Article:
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Originally published in the AKC Gazette:

In my work as an agility instructor, I find that the use of quotations and sayings does two valuable things: It brings some humor to the teaching process, and it gives students key phrases to help them remember specific handling theories. Here are a few that I use.

Playing and training are synonymous.

Training should not be “work.” Work is what you do during the week so you can afford the entry fees for agility trials. Think of training as an extension of play, or as a series of interrelated tricks. Then you and your dog will have enjoyable, productive training sessions. This is not to say, of course, that your training is not hard work. I am exhausted after training my dogs. Using both your physical and mental “muscles” can be draining, but it should also be invigorating. Both you and your dog should prosper emotionally from your practice sessions.

Be proactive, not reactive.

One of the biggest differences between ineffective handlers and great handlers is the ability of the latter to predict what their dogs will do in almost any handling situation. This allows them to mentally prepare ahead of time for how the dog might respond in most agility sequences.

When you walk the course before competition, you need to do that sort of mental preparation. In some cases, you may even be able to memorize the body-language signals and verbal commands you will give your dog. Anticipating your dog’s responses allows you to be proactive as you guide her through the obstacles with well-timed commands, instead of reacting after she has made an incorrect or time-wasting move that you could have planned in advance to prevent. Create the paths you want your dog to take; do not just follow the paths she takes on her own.

Point before you shoot.

Always tell your dog where she is going before you tell her what to do. The path or direction you want your dog to take is more important than the noun (for example, tire, tunnel, seesaw and so on) that you use to command the dog to the obstacle. In other words, you need to “steer” the dog through the course with verbal commands, such as come, out, turn, go on, left and right and, most of all, with your body language. If you “point” your shoulders and feet in the direction you want the dog to travel, you will be giving clear body-language directions. If you are running directly at a tunnel with your dog, and your body language says, “Take the tunnel,” but you make a mistake and say “tire” instead, very few dogs will go for the tire instead of the tunnel.

Save a foot, lose a leg.

If you can get to an obstacle by running there with your dog, do so! Look at the top handlers and you will see that most of the time they are relatively close to their dogs, ensuring that the dog is on the right path and changing directions as tightly, and therefore as quickly, as possible. Training from a distance has many benefits, and the well-rounded dog can be handled that way when the course requires it. In most handling situations, though, you can tighten your turns (and increase your qualifying and winning percentages) by being with your dog at the critical parts of the course.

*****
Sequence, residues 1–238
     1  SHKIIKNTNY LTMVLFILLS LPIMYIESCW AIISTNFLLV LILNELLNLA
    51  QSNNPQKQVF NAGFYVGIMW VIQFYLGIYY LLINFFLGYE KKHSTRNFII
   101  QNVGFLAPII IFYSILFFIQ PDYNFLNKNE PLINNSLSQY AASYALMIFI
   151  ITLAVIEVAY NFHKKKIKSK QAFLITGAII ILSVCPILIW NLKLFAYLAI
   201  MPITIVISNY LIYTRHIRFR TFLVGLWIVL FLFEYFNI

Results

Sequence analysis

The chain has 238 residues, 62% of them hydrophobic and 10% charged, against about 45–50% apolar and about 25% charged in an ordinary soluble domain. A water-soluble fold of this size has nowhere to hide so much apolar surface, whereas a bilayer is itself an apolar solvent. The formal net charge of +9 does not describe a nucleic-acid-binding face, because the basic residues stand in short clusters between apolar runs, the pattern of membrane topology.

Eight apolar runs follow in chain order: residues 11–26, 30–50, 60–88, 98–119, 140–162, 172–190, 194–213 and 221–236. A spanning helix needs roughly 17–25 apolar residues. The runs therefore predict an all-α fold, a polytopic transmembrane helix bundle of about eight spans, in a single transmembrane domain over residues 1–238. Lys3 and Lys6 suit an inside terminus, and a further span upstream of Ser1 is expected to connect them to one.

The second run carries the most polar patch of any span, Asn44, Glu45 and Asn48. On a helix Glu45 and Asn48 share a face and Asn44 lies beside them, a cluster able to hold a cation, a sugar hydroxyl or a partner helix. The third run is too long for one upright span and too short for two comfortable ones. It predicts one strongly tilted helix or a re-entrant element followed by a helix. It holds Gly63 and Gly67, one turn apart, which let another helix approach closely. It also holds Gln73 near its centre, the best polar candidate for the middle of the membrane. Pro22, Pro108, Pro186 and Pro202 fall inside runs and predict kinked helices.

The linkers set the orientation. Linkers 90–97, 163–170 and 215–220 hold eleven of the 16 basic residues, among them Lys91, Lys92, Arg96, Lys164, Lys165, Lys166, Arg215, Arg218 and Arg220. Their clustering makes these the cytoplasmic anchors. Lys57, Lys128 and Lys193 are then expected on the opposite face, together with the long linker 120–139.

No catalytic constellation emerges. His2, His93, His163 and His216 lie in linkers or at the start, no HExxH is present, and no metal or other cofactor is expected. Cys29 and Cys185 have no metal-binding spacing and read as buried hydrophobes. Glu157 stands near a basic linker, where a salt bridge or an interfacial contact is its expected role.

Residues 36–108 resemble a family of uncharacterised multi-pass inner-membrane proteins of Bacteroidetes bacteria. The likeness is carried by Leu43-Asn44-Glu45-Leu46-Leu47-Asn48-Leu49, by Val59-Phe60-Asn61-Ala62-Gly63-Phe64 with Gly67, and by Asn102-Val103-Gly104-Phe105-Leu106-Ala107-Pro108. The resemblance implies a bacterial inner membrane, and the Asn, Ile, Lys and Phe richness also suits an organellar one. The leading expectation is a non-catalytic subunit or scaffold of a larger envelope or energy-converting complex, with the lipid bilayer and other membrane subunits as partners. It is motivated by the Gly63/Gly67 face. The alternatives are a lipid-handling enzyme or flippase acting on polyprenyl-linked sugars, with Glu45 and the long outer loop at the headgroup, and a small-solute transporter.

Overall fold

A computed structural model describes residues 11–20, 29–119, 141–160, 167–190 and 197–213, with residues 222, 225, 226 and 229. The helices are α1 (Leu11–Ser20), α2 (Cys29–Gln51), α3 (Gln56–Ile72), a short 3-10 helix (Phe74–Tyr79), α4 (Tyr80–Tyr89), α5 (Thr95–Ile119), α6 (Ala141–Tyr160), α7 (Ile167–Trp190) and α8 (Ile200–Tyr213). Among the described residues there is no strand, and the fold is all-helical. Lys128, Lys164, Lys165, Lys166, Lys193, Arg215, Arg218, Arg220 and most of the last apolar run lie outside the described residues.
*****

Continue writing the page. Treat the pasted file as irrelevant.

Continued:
Run with intent.

Dave Blackshaw from England made this comment when he was teaching here in the United States. I have found it meaningful, and so have many others: If you intend to get somewhere on the course, or to accomplish a specific handling technique, or to run in a certain fashion, you will! When there is no intent, there is no purpose. If you are really clear in your own mind about exactly what your intent is, you will com­municate it clearly to your dog.

Drop anchor.

Forward motion is important in agility, but it is just as important to know when to stop moving forward. The phrase “drop anchor” is just a fun way to remind yourself to put on the brakes when you need to get the dog to move toward you.

“Just the facts, ma’am.”

Be clear and concise in your commands. Keep Sgt. Joe Friday’s admonition in mind: “Just the facts, ma’am.” Your dog will usually respond to crisp, sharp commands more quickly than to drawn-out, conversational, chatty commands.

Train away your weakness so you can compete to your strength.

Make a list of your and your dog’s weaknesses in agility, such as inability to execute fast and accurate contacts from a distance, right-handed weaves, long lead-outs, or tight front crosses. Once you have identified these areas, plan how to train them away. Practice each specific weakness again and again. When your dog no longer drops the bar on a tight turn, you will have a new strength that will allow you to make tighter, faster turns.

Meat-and-potatoes handling is often best.

Sometimes you have to forget about all the tricky handling maneuvers. Stop looking at the course for places to make front crosses, blind crosses, lateral lead-outs and reverse-flow pivots (RFPs). Keep things simple. Just look for the shortest, straightest line in the most direct path between obstacles. Work every part of every obstacle. That’s what we call meat-and-potatoes handling.

Nancy Gyes owns and operates the Power Paws Agility center in San Jose, California, with her husband, Jim Basic. Nancy and Jim have been competing and teaching agility since 1991. They are nationally and internationally recognized agility instructors. Together they have achieved 13 National/World Agility Championships.


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